As the capital of and largest city in the state of Massachusetts, Boston has plenty to offer those who are looking for arts and culture. The Boston music scene is dynamic and constantly changing, so audiophiles who live here never get bored.[find-an-apartment]
With a little know-how and a keen sense of hearing, you’ll be well on your way to figuring out the best area bands, venues and record stores. So pick up your headphones and settle in for a great show. Here’s a guide to the music scene in Boston.
It may surprise you, but there are more bands that call Beantown home than just the ubiquitous 1980s rock band Boston. Although many of these acts have achieved critical fame and success, you can still see them performing around town every now and then. Amongst the indie electropop genre, Passion Pit surprises fans with their sugary pop melodies laced with synthy electronic. And conscious hip hop fanatics get down to Mr. Lif, Akrobatik and Guru. Metalcore bands The Acacia Strain, Within the Ruins and Unearth are making a name for themselves in Boston, and alternative bands Sebadoh, Pixies and Dinosaur Jr. continue to rock venues.
A comprehensive overview of all the music venues in Boston would require an entirely different guide in and of itself. However, you can get a good feel for the music scene by stepping foot in some of the more famous ones. The Symphony Hall (301 Massachusetts Ave., Boston, MA 02108) has been the home of the Boston Symphony Orchestra since 1881, and is one of the most historical venues in the city. If leather, black lipstick and skulls are more your thing, you’ll find like-minded patrons at Xmortis (10 Brookline St., Cambridge, MA 02238), which hosts a monthly goth night and regularly hosts industrial and darkwave bands. Some of the best jazz in the city can be found at Wally’s Cafe (427 Massachusetts Ave., Boston, MA 02118) and the Paradise Rock Club (967 Commonwealth Ave., Boston, MA 02215) is great for taking in a high-energy rock concert and enjoying some cheap beer.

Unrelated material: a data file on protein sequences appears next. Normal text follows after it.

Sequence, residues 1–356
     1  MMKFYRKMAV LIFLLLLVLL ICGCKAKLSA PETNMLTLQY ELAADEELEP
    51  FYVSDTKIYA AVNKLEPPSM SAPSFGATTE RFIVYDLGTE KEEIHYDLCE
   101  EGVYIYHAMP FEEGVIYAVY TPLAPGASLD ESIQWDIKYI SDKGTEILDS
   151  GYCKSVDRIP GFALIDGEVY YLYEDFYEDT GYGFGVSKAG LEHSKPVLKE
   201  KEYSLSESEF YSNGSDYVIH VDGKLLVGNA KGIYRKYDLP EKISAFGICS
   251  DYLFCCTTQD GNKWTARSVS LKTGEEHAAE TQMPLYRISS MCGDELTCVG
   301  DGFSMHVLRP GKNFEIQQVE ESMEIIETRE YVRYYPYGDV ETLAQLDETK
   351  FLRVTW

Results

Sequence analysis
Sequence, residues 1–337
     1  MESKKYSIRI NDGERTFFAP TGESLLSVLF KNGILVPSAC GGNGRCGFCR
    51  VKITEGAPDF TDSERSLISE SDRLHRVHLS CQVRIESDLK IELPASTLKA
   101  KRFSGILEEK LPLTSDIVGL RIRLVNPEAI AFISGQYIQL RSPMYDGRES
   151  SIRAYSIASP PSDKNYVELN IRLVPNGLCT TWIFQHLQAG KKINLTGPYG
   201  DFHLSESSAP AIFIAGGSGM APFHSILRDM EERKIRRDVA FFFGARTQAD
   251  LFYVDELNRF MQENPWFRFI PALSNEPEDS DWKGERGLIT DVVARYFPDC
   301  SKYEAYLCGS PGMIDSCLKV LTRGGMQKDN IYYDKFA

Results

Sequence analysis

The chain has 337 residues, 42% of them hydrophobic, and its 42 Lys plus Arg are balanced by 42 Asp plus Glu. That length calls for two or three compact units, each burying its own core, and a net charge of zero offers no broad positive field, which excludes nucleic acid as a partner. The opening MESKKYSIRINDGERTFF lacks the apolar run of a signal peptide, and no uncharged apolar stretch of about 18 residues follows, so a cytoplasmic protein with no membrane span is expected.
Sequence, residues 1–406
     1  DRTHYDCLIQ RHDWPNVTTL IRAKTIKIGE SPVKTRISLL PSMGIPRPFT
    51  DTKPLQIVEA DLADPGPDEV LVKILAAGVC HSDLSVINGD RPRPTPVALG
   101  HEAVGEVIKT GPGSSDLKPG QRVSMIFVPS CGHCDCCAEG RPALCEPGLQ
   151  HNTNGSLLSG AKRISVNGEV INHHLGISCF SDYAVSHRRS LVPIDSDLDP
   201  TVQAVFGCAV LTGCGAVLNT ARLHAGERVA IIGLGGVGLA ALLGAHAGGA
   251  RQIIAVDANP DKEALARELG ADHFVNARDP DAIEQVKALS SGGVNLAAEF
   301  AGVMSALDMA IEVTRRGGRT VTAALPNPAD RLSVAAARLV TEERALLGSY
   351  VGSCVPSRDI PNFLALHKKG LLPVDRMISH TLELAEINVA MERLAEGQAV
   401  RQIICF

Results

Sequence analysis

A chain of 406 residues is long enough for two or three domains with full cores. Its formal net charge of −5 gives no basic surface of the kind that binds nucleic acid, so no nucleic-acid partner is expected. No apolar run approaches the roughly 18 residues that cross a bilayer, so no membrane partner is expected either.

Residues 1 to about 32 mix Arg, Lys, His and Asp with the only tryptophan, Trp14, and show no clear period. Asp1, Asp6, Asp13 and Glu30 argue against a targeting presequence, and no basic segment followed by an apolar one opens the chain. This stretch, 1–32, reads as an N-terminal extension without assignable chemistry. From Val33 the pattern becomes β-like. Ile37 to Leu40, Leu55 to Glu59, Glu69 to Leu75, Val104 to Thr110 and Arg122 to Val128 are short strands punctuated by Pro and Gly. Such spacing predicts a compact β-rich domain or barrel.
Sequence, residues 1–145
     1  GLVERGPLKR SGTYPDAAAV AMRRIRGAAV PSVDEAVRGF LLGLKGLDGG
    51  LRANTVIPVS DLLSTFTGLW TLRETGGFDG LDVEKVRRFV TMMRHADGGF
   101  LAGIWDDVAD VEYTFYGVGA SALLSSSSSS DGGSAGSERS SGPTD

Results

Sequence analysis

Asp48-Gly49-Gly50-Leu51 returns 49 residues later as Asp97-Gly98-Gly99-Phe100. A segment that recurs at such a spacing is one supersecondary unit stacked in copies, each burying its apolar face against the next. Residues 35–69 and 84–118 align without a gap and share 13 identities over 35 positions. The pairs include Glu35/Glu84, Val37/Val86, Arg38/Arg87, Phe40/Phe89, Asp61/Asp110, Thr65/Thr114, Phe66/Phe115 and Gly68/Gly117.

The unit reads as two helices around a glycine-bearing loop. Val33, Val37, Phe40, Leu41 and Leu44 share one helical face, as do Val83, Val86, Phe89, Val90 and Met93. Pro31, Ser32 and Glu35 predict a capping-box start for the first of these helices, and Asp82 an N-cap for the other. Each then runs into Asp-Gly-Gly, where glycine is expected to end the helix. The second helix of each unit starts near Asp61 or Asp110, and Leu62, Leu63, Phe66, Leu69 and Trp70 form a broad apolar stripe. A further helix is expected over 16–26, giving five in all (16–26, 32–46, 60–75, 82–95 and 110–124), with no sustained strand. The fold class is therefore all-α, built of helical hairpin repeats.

Because of the large number of universities in the Boston area, the college radio community is thriving. Perhaps the most famous of which is Boston College’s WZCB-FM (90.3 FM), which broadcasts indie rock and other college favorites during the week. WZBC’s main draw is its specialty programming, which includes “Lucid Sounds,” which broadcasts the best in ambient, eclectic and other electronica, “Martinis on the Moon,” which features obscure 1960s pop from around the globe and “Sounds of Dissent,” a weekly news program. Harvard University broadcasts a classical-heavy schedule, with specialty shows on the weekends, at WHRB-FM (95.3 FM), and folk and acoustic fanatics can get their fill at the University of Massachusetts’ station, WUMB-FM (91.9 FM), which often features live studio performances and airs 15 hours each day.
If you’re looking to pick up something that’s not played on your local Top 40 station, Boston has the perfect independent record store for you. Whether you’re looking for bizarre Japanese psychedelic music or obscure 1960s UK garage, you’ll find it at Weirdo Records (844 Massachusetts Ave., Cambridge, MA 02139), which has a huge selection of weird and eclectic CDs and vinyl. For a giant selection of records at rock-bottom prices, head just a few doors down and check out Cheapo Records (538 Massachusetts Ave., Cambridge, MA 02139), which offers used titles in great condition. And if you’re looking for the newest of the new in indie rock, alternative and pop, Newbury Comics (322 Newbury St., Boston, MA 02115) delivers.
Photo credit: Wikimedia Commons / mooogmonster